Jason and Joseph Dixon are based in Bourke, NSW. The twin brothers descend from the Ngemba and Wangkumarra Nations, with links to several other groups including Budjiti and Kunja.
Ngemba are the traditional custodians of the Brewarrina fish traps, and as such, were accustomed to sharing space and resource with other groups in times of abundance. Jason and Joseph have built a small business on the same sharing philosophy. Their ‘Come Walk With Me - Bourke Aboriginal Cultural Tours’ are a means of sharing a far scarcer and far less tangible commodity: knowledge. Through an unscripted walking tour through the town, Jason and Joseph have created a platform that allows them to trade information with tourists, locals and anyone who shares their thirst for knowledge.
“It’s about sharing stories. We want to pass on what we have learned and tell our stories, but we also want to hear other people’s views and share their experiences as well”.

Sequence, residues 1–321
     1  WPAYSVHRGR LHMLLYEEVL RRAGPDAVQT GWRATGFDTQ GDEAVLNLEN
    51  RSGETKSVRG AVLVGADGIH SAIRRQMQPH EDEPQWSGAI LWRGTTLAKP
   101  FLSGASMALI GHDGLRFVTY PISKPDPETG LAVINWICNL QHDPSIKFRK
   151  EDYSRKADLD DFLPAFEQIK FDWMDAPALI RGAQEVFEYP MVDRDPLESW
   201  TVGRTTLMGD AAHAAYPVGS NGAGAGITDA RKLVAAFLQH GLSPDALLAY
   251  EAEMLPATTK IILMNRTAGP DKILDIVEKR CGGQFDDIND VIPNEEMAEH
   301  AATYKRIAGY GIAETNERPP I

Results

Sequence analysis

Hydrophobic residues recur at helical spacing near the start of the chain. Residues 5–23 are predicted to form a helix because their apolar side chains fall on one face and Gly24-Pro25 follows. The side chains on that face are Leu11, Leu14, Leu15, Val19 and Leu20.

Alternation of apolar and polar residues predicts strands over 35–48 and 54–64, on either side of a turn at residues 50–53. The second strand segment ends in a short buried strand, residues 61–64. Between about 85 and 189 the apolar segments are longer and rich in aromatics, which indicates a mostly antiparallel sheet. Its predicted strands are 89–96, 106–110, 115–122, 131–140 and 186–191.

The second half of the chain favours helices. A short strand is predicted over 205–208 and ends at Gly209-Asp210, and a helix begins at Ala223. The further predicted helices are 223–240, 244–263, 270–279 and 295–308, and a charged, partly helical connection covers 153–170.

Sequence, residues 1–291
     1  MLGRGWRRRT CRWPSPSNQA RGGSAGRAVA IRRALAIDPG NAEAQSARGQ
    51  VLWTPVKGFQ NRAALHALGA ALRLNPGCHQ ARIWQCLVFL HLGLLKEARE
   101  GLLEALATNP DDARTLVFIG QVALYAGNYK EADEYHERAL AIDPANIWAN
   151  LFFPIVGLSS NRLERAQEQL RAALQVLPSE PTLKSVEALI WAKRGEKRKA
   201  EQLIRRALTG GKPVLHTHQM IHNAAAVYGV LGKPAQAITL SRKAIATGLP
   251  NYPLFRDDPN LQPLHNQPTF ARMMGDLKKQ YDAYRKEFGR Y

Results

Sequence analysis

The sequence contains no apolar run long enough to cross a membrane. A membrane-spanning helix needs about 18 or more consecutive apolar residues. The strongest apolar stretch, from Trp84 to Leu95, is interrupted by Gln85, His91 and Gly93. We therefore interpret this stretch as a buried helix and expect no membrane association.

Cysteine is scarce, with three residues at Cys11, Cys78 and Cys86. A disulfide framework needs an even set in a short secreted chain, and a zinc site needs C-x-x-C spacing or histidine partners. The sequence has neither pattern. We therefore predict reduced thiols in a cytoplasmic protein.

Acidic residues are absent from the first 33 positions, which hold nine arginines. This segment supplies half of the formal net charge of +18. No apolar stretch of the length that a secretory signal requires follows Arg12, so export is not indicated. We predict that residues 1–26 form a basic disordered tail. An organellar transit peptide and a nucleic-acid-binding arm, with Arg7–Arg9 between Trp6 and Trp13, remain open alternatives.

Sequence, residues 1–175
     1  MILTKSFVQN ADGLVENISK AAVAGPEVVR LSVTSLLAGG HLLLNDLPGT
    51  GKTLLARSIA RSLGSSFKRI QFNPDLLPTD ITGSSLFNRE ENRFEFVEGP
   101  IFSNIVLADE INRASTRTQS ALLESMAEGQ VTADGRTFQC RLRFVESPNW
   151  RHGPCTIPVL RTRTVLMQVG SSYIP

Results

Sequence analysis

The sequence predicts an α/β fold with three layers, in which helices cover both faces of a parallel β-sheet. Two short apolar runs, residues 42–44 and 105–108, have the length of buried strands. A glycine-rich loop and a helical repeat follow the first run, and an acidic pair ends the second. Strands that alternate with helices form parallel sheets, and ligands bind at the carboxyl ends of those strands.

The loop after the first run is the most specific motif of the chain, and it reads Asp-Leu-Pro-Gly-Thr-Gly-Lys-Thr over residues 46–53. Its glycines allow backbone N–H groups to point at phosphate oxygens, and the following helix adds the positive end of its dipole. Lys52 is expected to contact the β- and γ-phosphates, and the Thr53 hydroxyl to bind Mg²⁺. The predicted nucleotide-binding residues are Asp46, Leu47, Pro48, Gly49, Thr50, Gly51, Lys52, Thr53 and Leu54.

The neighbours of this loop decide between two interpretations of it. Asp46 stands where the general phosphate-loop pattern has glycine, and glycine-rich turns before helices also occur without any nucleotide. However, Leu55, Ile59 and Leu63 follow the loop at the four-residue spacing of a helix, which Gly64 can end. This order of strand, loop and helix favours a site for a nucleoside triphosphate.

With this clear vision, and the understanding of what the real value of sharing traditional knowledge is, the brothers are forging new opportunities that they hope will engage and empower young Aboriginal members of their community; which is their ultimate goal. They strongly encourage the local youth to join them on the learning and sharing journey, and play a key role in mentoring through dance and the cultural tours.
The tour ends at Bourke’s 2CUZ radio station, where Jason and Joseph showcase an impressive collection of traditional tools, such as spears, shields and grinding stones. It’s also a chance for the brothers to share some of the language they’ve picked up through extensive research, which highlights the importance of retaining cultural links. Holding up a hardwood ‘shield’, Jason says:
“We all call this a ‘shield’ because that is the category it fits into in the English language, but in Wangkumarra the name for this is ‘Puldri-Thulli’ - meaning ‘protect your meat’. So the name in its proper language gives the item greater meaning”
Bourke Aboriginal Cultural Tours play host to a bigger story; that is, the rectification of Aboriginal culture in the community. Although they no longer use Ngemba land in the same way their ancestors did, the brothers are using it as a vessel to preserve and pass on Aboriginal learning for future generations.